The high court's decision to accept the case was a preliminary victory for lenders, who want the Supreme Court to rule on the legality of a theory that is central to many fair lending cases.
The case, which involves a redevelopment plan in a New Jersey town, will be scheduled for the Supreme Court's upcoming term. Any decision could be a year or so away, assuming the parties to the case do not settle out of court in the meantime.
Banks are pushing to overturn a legal theory that allows fair lending suits when there is no evidence that the lender intentionally discriminated against a particular racial or ethnic group, as long as the bank's policies had a disparate impact on minorities.
The suit that the Supreme Court agreed Monday to hear is known as Township of Mount Holly v. Mt. Holly Garden Citizens in Action.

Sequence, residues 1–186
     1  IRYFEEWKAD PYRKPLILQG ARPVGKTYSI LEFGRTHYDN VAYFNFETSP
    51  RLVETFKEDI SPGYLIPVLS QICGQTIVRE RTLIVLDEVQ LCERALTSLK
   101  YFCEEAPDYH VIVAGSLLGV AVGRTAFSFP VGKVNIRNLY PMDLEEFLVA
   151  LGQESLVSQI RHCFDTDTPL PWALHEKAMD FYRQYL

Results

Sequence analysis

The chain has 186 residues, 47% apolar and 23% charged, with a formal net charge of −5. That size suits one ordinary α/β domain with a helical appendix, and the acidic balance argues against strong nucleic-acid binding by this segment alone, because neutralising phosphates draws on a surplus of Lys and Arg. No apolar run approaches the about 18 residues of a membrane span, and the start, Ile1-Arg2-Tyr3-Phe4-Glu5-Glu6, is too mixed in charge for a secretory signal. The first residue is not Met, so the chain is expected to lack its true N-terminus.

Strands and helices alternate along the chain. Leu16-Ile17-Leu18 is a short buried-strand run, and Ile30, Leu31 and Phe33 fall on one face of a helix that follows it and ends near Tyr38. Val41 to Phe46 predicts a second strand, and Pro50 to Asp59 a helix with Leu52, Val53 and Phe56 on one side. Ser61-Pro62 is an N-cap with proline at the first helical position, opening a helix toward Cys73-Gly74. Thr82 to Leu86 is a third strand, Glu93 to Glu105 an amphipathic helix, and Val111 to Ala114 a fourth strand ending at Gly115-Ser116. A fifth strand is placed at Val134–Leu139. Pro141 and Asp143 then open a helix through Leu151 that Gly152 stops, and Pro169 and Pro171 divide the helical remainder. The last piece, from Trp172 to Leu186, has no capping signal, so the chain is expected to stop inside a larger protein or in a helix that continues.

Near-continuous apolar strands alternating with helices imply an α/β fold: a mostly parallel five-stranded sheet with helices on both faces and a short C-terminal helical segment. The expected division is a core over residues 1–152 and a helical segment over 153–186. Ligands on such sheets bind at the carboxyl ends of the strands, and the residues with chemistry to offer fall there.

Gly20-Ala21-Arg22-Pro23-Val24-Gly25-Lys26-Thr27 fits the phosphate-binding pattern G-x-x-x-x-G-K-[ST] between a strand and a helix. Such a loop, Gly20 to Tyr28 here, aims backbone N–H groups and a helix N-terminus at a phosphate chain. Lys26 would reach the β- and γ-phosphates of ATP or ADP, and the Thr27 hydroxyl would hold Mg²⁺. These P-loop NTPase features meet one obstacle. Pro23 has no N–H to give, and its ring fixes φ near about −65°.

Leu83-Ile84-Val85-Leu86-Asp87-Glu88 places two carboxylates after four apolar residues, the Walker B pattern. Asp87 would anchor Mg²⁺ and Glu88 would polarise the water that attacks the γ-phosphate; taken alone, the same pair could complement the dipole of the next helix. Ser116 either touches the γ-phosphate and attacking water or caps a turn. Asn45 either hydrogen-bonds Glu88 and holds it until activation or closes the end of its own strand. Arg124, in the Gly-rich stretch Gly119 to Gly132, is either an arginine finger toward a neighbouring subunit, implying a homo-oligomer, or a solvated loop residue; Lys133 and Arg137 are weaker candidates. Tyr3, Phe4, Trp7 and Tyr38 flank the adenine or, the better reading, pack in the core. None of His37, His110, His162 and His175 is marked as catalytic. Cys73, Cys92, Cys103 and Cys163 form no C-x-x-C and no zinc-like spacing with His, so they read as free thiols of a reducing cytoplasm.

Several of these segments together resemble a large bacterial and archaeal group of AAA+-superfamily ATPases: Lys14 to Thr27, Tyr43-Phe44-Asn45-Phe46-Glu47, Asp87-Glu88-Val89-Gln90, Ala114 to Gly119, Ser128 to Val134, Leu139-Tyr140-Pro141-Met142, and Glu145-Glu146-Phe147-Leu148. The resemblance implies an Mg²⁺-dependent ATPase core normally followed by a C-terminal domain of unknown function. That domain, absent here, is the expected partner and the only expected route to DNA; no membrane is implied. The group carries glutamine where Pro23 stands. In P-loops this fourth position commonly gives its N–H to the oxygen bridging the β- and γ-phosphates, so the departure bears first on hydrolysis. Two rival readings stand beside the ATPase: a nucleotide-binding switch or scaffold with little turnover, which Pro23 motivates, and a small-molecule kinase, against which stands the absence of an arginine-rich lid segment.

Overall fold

It stemmed from a development plan that would displace residents of a predominantly minority neighborhood in Mount Holly, N.J. Residents sued, arguing that the plan violates the Fair Housing Act of 1968 because it would have a disparate impact on minorities.
Although the case does not involve lending, experts say that if the Court were to strike down the use of disparate impact theory under the Fair Housing Act, the ruling would likely affect fair mortgage lending cases.
Ultimately, a decision that is favorable to banks could also have an impact on fair lending enforcement involving other types of credit, including auto loans and credit cards.